President’s Corner > The State of Your Bar and a Sincere Thank You From Your Outgoing WSBA President 



Robert Collier once said that “success is the sum of small efforts, repeated day in and day out.” I think that accurately describes the outstanding hard work and dedication from the WSBA’s FY 23 Board of Governors. It’s my strong opinion that your Bar Association, the Board of Governors, and WSBA operations have all achieved successes this fiscal year.

I’m coming to the end of my term as FY 23 WSBA president. I’ve had the unique and amazing privilege of writing articles for Bar News for the past year as president and for the two previous years as WSBA treasurer. 

Since this is my final President’s Corner article, this is my last opportunity to encourage each of you to volunteer at the WSBA—YOUR Bar Association—to get involved in pro bono legal services, to serve on the Board of Governors, and to vote in WSBA elections. It’s my hope that I have encouraged at least some of you to consider volunteering at the WSBA. For those of you I haven’t reached, it’s not too late, and I encourage you to consider getting involved in the future. The late WSBA President (FY 2001) Jan Peterson urged members to be proud to be an attorney. I echo that statement. I am not only proud to be an attorney, I am also proud of our Bar and proud to be an active WSBA member who participates in volunteer engagement with our Bar Association! 

As I leave service on the Board as WSBA president, I want to recognize the amazing opportunity I have had to serve with five former WSBA presidents, and will have with two incoming ones after me. I have learned a tremendous amount from the dozens upon dozens of dedicated and selfless attorneys who have volunteered as past and current governors. 

I am leaving the presidency with the knowledge and good faith belief that the WSBA and the Board of Governors are both in a much better position financially, have increased transparency, and are heading in a much more member-oriented direction than when my service on the Board began in July 2017. The FY 23 Board has set strategic goals and implemented processes that should help future boards govern more effectively, work more collaboratively with WSBA staff, and continue to make prudent financial decisions that maximize the use of member license fees. I anticipate that the FY 24 and future boards will continue to refine these newly implemented guardrails and processes to further our goal of improving and providing excellence in governance. I strongly encourage you to thank all the governors and officers that served on your Board of Governors for FY 23. They’ve all worked very hard and without any financial compensation in volunteering their time in service to our Bar.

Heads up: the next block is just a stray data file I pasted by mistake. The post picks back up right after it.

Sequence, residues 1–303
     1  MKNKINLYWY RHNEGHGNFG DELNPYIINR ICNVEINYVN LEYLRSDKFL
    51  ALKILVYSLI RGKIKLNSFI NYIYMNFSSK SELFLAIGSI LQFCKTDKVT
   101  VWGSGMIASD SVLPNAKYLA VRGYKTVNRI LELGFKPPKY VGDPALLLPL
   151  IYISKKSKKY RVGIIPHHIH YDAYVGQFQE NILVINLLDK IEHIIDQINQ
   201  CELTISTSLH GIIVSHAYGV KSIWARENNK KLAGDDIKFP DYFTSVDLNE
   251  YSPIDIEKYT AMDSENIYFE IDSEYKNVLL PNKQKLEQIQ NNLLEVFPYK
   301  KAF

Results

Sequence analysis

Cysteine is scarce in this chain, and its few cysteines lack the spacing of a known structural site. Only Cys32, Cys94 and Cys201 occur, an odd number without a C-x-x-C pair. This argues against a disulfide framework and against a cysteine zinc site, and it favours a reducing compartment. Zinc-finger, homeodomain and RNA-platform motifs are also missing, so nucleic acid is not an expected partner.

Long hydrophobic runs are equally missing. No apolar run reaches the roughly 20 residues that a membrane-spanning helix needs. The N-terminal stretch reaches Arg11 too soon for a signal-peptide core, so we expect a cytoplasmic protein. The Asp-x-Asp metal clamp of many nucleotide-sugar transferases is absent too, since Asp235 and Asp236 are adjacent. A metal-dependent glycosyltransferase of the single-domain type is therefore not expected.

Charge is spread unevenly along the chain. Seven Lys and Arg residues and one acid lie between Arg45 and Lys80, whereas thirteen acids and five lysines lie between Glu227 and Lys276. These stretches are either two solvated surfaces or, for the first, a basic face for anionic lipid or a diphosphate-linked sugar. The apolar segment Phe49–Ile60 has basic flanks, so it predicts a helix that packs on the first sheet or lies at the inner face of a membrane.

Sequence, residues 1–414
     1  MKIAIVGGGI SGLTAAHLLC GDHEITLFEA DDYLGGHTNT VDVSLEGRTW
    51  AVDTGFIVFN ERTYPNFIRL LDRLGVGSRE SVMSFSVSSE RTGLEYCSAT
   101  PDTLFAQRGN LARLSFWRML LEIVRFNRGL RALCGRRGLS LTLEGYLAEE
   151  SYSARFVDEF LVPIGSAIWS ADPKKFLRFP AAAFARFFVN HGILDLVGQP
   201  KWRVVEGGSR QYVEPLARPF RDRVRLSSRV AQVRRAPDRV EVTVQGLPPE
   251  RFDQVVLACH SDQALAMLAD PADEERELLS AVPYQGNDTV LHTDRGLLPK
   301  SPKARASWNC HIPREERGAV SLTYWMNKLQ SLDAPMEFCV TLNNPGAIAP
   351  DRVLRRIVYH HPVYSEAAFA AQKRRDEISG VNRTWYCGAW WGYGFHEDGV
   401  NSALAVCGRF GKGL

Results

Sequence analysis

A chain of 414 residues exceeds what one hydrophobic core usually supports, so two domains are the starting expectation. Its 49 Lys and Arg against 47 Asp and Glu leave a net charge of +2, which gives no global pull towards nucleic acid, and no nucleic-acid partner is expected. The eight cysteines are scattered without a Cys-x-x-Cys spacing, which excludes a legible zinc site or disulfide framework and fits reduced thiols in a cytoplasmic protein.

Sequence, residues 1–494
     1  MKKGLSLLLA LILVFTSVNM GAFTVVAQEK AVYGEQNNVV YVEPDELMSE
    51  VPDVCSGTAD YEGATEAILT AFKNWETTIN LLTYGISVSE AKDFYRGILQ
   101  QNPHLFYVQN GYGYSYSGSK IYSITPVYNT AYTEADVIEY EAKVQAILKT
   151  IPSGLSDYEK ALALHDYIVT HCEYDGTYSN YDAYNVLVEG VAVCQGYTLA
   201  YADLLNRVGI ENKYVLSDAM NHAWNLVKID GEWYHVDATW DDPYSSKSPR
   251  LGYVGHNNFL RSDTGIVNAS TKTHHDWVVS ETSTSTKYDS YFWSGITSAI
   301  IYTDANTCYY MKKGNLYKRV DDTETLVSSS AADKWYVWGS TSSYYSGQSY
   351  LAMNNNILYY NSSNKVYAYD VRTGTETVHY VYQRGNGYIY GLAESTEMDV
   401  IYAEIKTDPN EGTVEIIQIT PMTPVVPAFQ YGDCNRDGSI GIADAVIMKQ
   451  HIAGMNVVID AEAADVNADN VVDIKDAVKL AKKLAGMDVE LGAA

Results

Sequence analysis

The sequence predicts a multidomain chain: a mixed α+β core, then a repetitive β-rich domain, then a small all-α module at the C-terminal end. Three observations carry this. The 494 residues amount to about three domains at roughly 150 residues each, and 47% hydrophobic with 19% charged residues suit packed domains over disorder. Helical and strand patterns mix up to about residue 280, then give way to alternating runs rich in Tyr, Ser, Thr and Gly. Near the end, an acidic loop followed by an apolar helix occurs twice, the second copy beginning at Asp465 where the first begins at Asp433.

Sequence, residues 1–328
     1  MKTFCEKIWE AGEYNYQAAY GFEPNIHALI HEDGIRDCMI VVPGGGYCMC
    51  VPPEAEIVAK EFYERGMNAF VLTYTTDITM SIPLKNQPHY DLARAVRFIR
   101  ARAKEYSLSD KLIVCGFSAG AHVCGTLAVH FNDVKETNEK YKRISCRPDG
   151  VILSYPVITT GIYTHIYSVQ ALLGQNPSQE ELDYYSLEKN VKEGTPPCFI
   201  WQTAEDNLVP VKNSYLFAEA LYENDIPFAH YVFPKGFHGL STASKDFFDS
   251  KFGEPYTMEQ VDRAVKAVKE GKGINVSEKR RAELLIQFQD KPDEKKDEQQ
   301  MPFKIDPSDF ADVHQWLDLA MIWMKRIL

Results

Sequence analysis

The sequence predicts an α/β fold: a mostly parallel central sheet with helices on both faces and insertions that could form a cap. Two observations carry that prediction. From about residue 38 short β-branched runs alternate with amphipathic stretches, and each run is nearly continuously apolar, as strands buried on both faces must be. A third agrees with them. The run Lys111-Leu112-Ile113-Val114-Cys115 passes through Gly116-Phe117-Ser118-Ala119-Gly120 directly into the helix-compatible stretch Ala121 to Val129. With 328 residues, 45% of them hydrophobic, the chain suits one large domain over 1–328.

I have always had the firm belief that the WSBA and the Board of Governors exist to serve the members of the WSBA. It is the members of the WSBA who serve the public and who help to champion justice. As I enter the role of immediate past president, I will continue to advocate for each of you, as you are the primary reason the WSBA exists, and should exist, in my opinion.

FY 23 was a year of firsts for WSBA governance. It has been a tremendous honor to serve as the first WSBA president employed as a full-time county government attorney. It is astonishing to me that our WSBA has only had one prior government-employed attorney serve as WSBA president. That was the late Washington Supreme Court Chief Justice Mary E. Fairhurst, who served as the 1997-98 WSBA president. I’m really in elite company, and it is my sincere hope that many future government-employed attorneys will answer the call and serve in WSBA leadership. 

I am also extremely proud of the fact that I am not only our organization’s first president with a major speech disability, but I believe, the first state bar president nationally with a major speech disability to serve in that role. During my career as an attorney, I have suffered more than my fair share of microaggressions and discriminatory and negative reactions to my speech disability. Imagine going to court, and the in-court clerk, opposing counsel, and sometimes even the judicial officer snickering or flat out laughing at you when you try to say your name and get into a major stuttering block. Imagine having opposing counsel think you’re goofing around instead of having an actual lifelong speech disability. Some have questioned why I chose to go into the law, and some have even said I “should have known better.” I mention this as I think it really highlights why the WSBA’s efforts around diversity, equity, and inclusion exist, and note that we have a long way to go to reduce and eliminate actual and implicit bias, prejudice, and barriers for all WSBA members to succeed and have enjoyable and meaningful legal careers.